Editor’s Note: This story has been updated to include additional comments from Mayor Dan Bane
By Shawn Raymundo
The San Clemente Times has learned that the site of the former Saddleback Memorial Medical Center in San Clemente will be used as a coronavirus testing center.
According to a joint press release between MemorialCare and city of San Clemente, the health care provider intends to establish a coronavirus testing site where it previously operated the now-shuttered hospital campus on Camino de los Mares.
“The medical community, locally and across the nation, has made it clear that we need more testing to combat the spread of the coronavirus,” MemorialCare Vice President Tony Struthers says in the release. “At this crucial time, we are pleased to be bringing vital testing resources to San Clemente and South Orange County.”
San Clemente Mayor Dan Bane echoed that sentiment, stating that the “City understands that testing is key to stopping the virus from spreading undetected in our community.”
“Increased testing will allow MemorialCare and other area providers to identify those carrying the virus, limit their exposure to others and help to ensure that they can access appropriate care,” Bane says in the release.
The announcement comes as the number of those confirmed to have contracted the virus in Orange County continued to surge, surpassing more than 600 cases as of Wednesday, April 1, the Orange County Health Care Agency reported. Between Tuesday and Wednesday, the county saw an additional 107 reported cases—the largest single-day hike in OC to date—while the number of reported deaths grew to 10.
The number of cases in San Clemente also jumped significantly from 20 to 30 between Tuesday and Wednesday, according to the county’s data.
To date, 7,271 people in Orange County have been tested for coronavirus.
According to MemorialCare, testing at the center will be conducted on a drive-thru basis, which is meant to reduce the potential spread of the disease “by limiting exposure of clinicians and patients in hospitals and other health care locations to those suspected of having the virus.”
MemorialCare was unable to provide a timeline of when it anticipates to launch the center, other than to note that “it currently expects it be operational shortly as test kits are secured.”
“Once the testing center becomes operational, patients exhibiting symptoms should contact their health care provider before making an appointment at the facility,” the press release states.
Mayor Pro Tem Laura Ferguson explained to SC Times that the council voted in a special closed session on Monday, March 30, to support MemorialCare’s plan to establish a coronavirus testing location.
“MemorialCare does have the support of the city council to do their drive up testing or whatever they end up calling it,” Ferguson said. “They can do that at their site and the city, in their same decision, decided to temporarily relax the zoning allowed for that.”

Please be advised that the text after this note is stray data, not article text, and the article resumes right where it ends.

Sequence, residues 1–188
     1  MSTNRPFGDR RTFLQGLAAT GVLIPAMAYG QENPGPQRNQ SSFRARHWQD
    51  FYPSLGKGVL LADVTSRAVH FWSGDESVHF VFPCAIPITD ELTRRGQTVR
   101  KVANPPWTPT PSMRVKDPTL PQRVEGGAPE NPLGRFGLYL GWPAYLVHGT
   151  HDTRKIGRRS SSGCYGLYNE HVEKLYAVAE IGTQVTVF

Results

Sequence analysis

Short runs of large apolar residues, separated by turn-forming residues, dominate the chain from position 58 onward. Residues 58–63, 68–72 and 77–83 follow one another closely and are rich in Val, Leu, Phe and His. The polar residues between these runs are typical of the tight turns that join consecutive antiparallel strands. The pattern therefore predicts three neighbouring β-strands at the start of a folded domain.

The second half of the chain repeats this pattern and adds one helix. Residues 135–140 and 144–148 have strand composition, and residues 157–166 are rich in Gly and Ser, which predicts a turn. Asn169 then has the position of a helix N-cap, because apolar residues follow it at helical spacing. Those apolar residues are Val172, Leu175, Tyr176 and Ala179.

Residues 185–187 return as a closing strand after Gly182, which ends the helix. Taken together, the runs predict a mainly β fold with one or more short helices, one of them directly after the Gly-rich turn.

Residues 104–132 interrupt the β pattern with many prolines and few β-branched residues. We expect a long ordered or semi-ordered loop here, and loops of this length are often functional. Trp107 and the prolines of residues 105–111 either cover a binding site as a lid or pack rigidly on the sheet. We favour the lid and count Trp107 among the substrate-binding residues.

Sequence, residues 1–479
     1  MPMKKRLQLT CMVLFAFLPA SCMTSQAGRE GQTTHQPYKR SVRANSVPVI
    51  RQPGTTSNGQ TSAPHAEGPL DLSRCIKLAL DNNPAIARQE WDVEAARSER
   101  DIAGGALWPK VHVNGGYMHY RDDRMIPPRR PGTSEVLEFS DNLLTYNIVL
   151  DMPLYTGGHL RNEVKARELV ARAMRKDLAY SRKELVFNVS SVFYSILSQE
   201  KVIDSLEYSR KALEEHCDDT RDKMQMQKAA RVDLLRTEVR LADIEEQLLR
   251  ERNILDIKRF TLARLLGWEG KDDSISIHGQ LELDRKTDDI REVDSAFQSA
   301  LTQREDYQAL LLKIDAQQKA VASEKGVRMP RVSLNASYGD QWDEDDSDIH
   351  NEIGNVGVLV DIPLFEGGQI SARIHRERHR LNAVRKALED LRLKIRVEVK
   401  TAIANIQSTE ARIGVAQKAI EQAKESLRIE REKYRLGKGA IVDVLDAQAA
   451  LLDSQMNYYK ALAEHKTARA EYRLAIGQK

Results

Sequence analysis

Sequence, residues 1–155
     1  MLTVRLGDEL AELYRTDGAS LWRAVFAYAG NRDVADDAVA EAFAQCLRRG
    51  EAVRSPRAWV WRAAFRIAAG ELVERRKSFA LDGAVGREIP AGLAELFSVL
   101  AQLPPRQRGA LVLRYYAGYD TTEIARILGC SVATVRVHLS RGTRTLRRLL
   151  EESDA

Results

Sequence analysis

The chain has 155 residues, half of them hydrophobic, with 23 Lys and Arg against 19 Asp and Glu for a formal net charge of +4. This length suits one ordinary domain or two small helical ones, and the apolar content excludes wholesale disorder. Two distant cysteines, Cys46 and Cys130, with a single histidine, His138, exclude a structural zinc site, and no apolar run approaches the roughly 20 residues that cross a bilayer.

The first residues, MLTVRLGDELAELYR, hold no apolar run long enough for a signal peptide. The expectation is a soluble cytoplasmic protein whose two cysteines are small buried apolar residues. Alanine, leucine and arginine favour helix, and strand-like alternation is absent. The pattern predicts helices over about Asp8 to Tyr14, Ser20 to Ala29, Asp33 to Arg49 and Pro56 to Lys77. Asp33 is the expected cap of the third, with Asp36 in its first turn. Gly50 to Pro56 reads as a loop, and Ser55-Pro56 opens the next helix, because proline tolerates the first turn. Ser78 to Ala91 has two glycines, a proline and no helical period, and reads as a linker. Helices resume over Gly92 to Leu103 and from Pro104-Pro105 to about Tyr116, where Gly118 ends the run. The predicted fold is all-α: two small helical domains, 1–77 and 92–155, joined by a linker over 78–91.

Councilors met on Monday evening to vote on an amended version of the local emergency proclamation they had previously passed during their March 17 meeting. The amended version, the city notes in its agenda report, was meant to address “the threat of the public’s right to access COVID-19 testing, depending on the Council’s deliberations in connection therewith.”
The amended version of the adopted resolution that SC Times obtained and signed by Bane on March 30, establishes “Mobile Testing for COVID-19 for residents of 92673 and 92672 Zip Codes.”
The resolution further permits coronavirus testing on the medical facility property for those living within those zip codes during the health crisis.
Ferguson says that the council’s vote essentially relaxes the emergency-services zoning restriction that had been previously imposed on the parcel back in 2016. The zoning had prompted litigation between the city and MemorialCare, which wanted to turn the facility into an urgent care location.
The medical provider sued the city over claims that the city’s “spot zoning” was unfair and made it difficult financially to support the hospital.
Bane has previously explained to SC Times that his law firm represents MemorialCare in unrelated matters in Los Angeles.
On Thursday, April 2, Bane said that because tests have been hard to come by, MemorialCare will be coordinating with the county’s health office to give preference for testing to those living in the 92672 and 92673 zip codes.
MemorialCare, he said, will likely require those who have scheduled an appointment for the drive-up testing to present a driver’s license or other identification displaying their residency in those zip codes.
Shawn Raymundo is the city editor for the San Clemente Times. He graduated from Arizona State University with a bachelor’s degree in Global Studies. Before joining Picket Fence Media, he worked as the government accountability reporter for the Pacific Daily News in the U.S. territory of Guam. Follow him on Twitter @ShawnzyTsunami and follow San Clemente Times @SCTimesNews.